Keys to Virtual Engagement
FEATURE STORY – By Amy Glass
It is impossible to keep remote audiences engaged; the goal should be to reengage them continually.
On March 6, 2020, I was driving to work listening to NPR and heard a great interview on the ways universities had responded to coronavirus. I was aware of the pandemic, but it hadn’t quite affected our lives yet in the United States.
The reporter on Morning Edition interviewed Jeff Lehman, vice chancellor at NYU Shanghai, who said that although moving all their classes online had been very challenging, there had been one silver lining: “We have, as a faculty, been thinking more seriously about pedagogy in the last month than we have in the prior eight years.”
Months later, after experiencing the pandemic’s impact in the United States and delivering dozens of virtual training programs, I realize that this has been a silver lining. As trainers, we have had the chance to reflect and reexamine how we approach the art of teaching and engagement – and learn a few new tricks on the way.
Here are some lessons I have learned over the past months.
Master the Platform
One of the tricky parts of teaching online is becoming an expert on various virtual platforms. People use Zoom, Adobe, WebEx, Microsoft Teams and others, so trainers must improve our skills on all of them. Your organization may use more than one platform as well.
The key is to learn all the tools of the platform and the setting features. It is important to know that the polling feature works differently on Zoom than on WebEx, and that the breakout rooms have different capabilities on Adobe than Zoom. These platforms are regularly making updates, so setting up practice sessions and tech checks is essential for a seamless teaching experience.
We need to realize that it is impossible to keep remote audiences engaged; the goal should be to reengage them continually. Every three to five minutes we should use strategies — both low-tech and high-tech — to reengage learners.
- Low-tech tools: Stories, analogies, examples, case studies, asking questions to the group, asking questions to an individual (use their name and then repeat or paraphrase the question), making it conversational.
- Higher-tech tools: Two-way audio, text chat, whiteboards, polling, stamps and drawing tools, breakout rooms, videos and more.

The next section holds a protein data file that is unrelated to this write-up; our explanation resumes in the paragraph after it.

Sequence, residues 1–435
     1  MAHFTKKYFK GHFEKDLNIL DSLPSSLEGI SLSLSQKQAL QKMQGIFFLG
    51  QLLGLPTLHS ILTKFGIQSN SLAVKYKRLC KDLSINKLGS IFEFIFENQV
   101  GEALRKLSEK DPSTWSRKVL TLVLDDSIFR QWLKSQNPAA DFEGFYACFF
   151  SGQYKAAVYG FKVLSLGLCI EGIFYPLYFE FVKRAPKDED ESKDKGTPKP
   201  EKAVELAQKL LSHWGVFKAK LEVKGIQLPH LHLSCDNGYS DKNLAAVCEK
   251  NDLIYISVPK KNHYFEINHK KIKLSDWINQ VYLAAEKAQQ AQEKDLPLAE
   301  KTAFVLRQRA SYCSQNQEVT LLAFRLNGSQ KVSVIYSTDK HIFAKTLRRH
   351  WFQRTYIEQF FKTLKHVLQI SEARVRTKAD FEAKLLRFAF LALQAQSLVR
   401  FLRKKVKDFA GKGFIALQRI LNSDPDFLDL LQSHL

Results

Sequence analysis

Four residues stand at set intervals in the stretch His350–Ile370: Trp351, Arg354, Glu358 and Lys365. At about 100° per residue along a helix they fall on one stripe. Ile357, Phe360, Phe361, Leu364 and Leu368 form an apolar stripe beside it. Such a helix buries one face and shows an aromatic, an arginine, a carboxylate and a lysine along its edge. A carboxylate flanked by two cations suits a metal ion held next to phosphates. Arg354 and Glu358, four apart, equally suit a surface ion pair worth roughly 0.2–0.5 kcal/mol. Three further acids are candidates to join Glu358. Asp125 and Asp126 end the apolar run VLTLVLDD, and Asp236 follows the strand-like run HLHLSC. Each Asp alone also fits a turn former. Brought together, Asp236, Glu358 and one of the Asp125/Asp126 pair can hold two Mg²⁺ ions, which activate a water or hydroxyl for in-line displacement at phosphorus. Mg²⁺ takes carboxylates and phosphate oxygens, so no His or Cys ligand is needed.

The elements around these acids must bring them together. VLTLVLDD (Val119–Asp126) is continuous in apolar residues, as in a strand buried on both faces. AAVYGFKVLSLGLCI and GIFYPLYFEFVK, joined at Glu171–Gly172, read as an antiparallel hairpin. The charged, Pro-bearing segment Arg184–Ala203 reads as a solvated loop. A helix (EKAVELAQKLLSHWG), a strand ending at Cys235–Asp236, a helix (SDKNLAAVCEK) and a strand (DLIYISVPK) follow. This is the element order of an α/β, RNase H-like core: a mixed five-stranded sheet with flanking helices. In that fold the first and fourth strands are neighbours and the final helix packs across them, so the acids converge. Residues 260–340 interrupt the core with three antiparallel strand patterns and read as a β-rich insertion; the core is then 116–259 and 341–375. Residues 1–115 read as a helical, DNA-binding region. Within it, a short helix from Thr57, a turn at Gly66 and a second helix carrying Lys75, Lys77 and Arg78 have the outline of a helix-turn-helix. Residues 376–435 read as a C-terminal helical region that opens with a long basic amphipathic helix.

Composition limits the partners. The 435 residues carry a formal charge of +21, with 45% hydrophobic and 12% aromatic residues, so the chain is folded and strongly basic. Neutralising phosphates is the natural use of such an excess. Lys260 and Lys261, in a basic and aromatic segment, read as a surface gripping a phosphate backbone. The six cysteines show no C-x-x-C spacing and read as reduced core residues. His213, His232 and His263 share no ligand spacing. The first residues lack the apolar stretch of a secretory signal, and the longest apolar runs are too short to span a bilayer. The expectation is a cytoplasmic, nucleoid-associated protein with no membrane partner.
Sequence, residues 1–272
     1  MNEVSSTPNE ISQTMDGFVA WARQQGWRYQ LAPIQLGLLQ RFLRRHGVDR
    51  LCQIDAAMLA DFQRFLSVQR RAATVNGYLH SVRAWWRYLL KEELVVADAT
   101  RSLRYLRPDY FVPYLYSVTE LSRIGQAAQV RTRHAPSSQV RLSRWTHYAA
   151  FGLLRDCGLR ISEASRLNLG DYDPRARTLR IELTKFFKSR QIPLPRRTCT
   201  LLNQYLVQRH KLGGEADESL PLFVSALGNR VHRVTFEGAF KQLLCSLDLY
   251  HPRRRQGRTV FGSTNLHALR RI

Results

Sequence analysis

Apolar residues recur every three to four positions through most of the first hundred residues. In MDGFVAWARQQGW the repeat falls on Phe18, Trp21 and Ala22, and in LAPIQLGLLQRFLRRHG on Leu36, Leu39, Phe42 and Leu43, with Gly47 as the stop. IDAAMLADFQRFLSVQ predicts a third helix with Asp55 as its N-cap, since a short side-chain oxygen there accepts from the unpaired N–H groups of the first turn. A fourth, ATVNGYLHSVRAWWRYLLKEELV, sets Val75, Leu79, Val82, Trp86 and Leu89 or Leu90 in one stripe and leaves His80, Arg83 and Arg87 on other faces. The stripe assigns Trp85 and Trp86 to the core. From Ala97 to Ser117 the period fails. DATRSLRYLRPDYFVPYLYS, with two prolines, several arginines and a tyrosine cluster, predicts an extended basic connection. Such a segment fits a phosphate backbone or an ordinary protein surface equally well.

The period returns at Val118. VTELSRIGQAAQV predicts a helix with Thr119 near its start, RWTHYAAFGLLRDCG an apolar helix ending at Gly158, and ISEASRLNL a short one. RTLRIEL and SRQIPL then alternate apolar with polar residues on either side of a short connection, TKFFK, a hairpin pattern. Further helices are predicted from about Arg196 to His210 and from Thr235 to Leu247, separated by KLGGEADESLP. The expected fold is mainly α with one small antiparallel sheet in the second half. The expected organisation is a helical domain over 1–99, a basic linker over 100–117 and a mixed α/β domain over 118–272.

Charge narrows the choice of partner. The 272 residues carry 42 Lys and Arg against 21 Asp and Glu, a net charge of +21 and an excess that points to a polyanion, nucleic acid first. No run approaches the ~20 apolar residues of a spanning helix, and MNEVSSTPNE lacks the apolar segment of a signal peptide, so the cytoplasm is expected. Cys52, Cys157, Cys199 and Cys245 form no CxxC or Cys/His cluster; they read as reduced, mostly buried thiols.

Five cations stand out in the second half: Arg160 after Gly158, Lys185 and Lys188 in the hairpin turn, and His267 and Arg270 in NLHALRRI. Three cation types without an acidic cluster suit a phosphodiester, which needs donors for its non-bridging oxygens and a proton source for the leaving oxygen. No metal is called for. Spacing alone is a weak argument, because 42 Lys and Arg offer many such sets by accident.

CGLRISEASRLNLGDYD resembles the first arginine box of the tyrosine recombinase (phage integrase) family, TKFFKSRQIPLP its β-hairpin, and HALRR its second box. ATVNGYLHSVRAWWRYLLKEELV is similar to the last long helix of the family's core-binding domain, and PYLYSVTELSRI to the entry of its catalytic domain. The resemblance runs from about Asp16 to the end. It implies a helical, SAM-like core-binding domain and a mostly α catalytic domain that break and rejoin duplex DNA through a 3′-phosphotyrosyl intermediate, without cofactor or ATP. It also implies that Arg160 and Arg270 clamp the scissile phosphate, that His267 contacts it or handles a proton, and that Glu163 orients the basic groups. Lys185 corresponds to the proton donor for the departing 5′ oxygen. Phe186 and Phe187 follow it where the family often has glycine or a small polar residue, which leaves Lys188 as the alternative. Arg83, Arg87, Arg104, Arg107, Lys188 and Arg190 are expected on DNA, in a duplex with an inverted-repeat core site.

Using these tools and strategies will enable you to continually engage learners in a variety of ways.
Chunk It Out
Pre-COVID, training was typically linked to an event – a conference or meeting. In these situations, the timing was often very tight. Now, since all meetings and training sessions are remote, we have the luxury of flexible timing and you should embrace it.
We know that people cannot learn synchronously for eight hours at a time, so when we approach a one-day training, we need to rethink our plan. For example, consider two hours of learning in the morning (with a break) and then 90 minutes of role play or coaching in the afternoon. This schedule can then be repeated on the second day or over three days. You can even spread the sessions across multiple weeks with practice and field work in between. This approach maximizes people’s attention spans and engages them with the content over a longer period, leading to better retention and application.
Blank It Out
One trick when delivering content in person is to strategically blank the screen. This strategy helps the learners focus more closely on what is being said – or on each other for an exercise – without being distracted by what’s on the screen. Then, when you turn the screen back on, they are ready for new content. It’s easy to do this by just using the B key to “black out” the slide and pressing B again to bring the slide back.
Unfortunately, this favorite training trick doesn’t work when presenting remotely.
Here’s another trick from a trainer named Oliver in Germany: